“Of this blessed man, let this just praise be given. Heaven was in him, before he was in heaven.”Isaac Walton( author of the Compleat Angler) writing of Sibbes.
Richard Sibbes (1577-1635) was a famous Anglican Puritan. When James Nicholls asked Alexander B. Grosart to edit his sermons and writings for an edition in the 19 century, Grosart searched for materials to write a short biography of this remarkable man.
Unfortunately, He wrote very little about himself and his contempories did not see it necessary to write any sort of account of his life.
So Alexander Grosart sifted the records of the time and mentions in other works etc. to piece together a short account of Sibbe’s life and times.
Maybe if one is famous, a person will leave a mark on history, and there will be some record of their life and times. For most however all that is left is a date of birth and death and maybe the name of his wife and children. Some people disappear from history as if they never existed.
For most of us, the mark we leave on history is negligible and no one would take the time to research or learn about us.
Perhaps our case is that of the old saw, “Where he’s gone and how he fares, nobody knows and nobody cares.”
Yet for the believer, he is never lost from the memory of Christ. Every member of his flock, no matter how insignificant to the world, is in His gaze.
The unmarked grave, the ashes of the martyr’s fire and the depths of the sea cannot hide the earthly remains of the member of Christ’s body.
The great Resurrection will vindicate the fact that many great and famous people, whom crowds idolized and were long remembered, will not be counted as highly as the poorest and humblest believer in the Lord Jesus Christ.
Putting ourselves in the position of a devout Jew in the time of Jesus, we can only imagine what was involved in espousing this self appointed Rabbi from Nazareth and what it meant in day to day existence. (The Jews of today still have the same difficulty).
For the rank and file of the people it was easy to be carried along by the crowded throng that was enraptured by Christ’s parables and astounded by his unique and undeniable miracles.
For all of what they saw and heard ,it was still possible for many to avoid giving to much thought to the implications of who Christ was and the object of his earthly ministry.
As long as there was a chance that he would get rid of the Romans and they could get a free feed and maybe some physical healing they stayed on the “band wagon”.
The minute Jesus taught things which did not accord with their hopes and world view then they began to have second thoughts and walked no longer with him. The time of wine and roses was well and truly over.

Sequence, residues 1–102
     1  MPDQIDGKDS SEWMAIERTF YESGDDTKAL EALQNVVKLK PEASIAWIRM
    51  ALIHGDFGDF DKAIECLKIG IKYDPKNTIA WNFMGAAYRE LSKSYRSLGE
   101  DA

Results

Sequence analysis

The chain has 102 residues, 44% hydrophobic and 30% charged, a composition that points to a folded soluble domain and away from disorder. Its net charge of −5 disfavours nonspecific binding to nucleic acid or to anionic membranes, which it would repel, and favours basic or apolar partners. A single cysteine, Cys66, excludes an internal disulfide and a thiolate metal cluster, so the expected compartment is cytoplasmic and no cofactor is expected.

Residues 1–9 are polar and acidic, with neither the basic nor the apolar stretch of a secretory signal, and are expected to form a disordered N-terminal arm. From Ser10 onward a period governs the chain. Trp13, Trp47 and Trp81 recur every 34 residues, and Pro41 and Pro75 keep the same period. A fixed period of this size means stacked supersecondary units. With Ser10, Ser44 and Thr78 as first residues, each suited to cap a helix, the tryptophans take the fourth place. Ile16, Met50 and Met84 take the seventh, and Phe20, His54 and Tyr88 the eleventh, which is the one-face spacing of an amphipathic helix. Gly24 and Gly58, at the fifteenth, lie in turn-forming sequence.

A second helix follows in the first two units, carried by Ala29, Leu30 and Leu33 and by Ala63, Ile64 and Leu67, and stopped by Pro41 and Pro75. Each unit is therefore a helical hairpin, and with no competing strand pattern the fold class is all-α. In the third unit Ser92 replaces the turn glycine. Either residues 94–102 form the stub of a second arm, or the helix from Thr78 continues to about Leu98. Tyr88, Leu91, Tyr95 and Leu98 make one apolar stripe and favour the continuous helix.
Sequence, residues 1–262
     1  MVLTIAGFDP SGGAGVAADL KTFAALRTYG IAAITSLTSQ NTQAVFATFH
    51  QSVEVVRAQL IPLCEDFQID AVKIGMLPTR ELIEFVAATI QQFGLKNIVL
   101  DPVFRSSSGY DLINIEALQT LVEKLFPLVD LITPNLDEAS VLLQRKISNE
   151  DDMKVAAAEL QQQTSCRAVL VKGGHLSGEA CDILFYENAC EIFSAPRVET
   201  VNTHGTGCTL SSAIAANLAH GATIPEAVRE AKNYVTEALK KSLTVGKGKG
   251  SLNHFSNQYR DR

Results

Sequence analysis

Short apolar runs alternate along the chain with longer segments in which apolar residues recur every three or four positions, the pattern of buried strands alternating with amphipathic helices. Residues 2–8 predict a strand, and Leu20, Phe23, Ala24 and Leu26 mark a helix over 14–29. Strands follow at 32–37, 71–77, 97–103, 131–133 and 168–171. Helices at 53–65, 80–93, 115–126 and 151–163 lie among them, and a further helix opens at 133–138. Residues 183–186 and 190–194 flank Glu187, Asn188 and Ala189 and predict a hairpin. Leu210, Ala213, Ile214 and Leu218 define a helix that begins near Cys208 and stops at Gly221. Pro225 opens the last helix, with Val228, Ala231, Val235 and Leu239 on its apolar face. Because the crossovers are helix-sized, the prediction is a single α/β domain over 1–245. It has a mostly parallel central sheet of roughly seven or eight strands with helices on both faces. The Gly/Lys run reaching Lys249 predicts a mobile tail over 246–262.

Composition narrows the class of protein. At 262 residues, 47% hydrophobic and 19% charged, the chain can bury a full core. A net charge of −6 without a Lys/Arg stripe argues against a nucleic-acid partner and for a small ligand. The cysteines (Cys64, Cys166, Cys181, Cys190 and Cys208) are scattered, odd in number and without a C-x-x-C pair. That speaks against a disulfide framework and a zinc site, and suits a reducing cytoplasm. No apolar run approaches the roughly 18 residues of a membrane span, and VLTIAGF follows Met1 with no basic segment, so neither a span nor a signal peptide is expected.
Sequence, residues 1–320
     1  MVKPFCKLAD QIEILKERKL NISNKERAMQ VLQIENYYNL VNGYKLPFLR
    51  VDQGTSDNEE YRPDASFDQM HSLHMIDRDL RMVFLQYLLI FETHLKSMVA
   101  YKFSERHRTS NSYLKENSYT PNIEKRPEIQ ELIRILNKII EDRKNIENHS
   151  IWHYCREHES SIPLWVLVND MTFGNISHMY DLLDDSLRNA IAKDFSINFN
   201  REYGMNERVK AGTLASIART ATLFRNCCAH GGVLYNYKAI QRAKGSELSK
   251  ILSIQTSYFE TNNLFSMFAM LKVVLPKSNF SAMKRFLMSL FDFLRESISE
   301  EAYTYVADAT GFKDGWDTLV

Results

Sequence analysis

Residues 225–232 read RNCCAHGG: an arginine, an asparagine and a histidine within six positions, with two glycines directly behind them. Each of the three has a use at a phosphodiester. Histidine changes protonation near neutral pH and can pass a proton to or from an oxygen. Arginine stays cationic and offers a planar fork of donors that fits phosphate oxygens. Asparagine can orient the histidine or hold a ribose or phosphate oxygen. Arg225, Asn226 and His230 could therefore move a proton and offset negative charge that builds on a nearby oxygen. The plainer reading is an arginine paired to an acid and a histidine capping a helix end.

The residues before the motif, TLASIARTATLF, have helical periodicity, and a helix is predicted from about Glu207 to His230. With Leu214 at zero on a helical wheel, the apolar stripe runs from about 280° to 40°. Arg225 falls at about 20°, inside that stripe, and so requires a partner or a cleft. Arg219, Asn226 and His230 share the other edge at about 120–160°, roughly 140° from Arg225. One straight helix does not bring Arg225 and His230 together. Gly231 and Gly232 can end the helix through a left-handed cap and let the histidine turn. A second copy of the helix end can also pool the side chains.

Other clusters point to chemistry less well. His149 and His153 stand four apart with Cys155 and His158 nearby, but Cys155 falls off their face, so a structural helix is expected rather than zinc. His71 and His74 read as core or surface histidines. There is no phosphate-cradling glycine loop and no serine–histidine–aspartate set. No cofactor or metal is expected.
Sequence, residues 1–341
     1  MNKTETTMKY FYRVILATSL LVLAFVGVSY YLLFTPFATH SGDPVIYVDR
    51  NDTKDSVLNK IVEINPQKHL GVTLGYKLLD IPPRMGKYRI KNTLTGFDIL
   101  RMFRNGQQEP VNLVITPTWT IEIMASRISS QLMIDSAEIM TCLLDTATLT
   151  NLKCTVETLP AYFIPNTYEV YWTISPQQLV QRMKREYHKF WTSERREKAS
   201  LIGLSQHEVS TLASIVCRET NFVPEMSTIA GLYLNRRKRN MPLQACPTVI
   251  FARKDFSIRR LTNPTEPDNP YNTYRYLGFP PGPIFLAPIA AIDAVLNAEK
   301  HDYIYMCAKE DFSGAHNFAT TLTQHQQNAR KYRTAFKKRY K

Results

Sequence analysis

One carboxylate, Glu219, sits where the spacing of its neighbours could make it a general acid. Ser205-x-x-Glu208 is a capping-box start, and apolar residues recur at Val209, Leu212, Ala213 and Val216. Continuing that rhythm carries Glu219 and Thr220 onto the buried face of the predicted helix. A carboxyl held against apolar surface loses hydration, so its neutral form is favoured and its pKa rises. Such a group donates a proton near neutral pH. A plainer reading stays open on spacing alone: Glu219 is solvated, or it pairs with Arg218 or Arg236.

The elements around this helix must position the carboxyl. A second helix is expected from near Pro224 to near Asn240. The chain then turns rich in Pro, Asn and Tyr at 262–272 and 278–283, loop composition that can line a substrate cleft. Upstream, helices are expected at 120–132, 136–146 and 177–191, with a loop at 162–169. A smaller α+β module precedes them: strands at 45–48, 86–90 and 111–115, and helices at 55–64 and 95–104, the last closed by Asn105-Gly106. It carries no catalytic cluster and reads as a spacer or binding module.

The arrest and crucifixion confirmed them in the wisdom of getting out while the getting was good.
For the more devout among them, came the discovery that following and believing in Jesus was to mean a departure from much of what made the Jews who they were as a people. There was going to be a real diverging of the ways and although it took a while to happen it was already in the process.
It meant separation from friends and relatives, rethinking what the Rabbis and scribes drummed into them and revering Jesus and trusting His word more than that of the Pharisees. It meant the Temple which was the centre of Jewish life was to be so no longer for the believer in Jesus, and that the sacrificial system was not the divine remedy for sin and guilt anymore.
Christ himself was to become all the temple represented.
For the Jew this was a heart rending ordeal and paradigm shift.
If anyone has doubts that it takes nothing less than the power of God to renew the heart and convert the soul, imagine what a drastic change had to be brought about before your devout synagogue and temple going, patriotic Jew became a humble ,gentile accepting, worshipper of Jesus Christ.
We of this day and age may have different difficulties and prejudices to overcome and yet it still takes nothing less than a new heart and a divinely renewed mind to come to faith in Christ. This does not excuse us however from urgently seeking God by his Holy Spirit to work the power of the “New Birth” and grace to repent from sin and plant faith into our hearts.
To Him alone be the glory.
Whenever heaven has been opened to the view of man, its inhabitants have been seen with their faces veiled and bowing before the throne of God. And all acceptable worship upon earth proceeds from the humble and contrite, who tremble at His Word. (Charles Hodge “The way of life”.)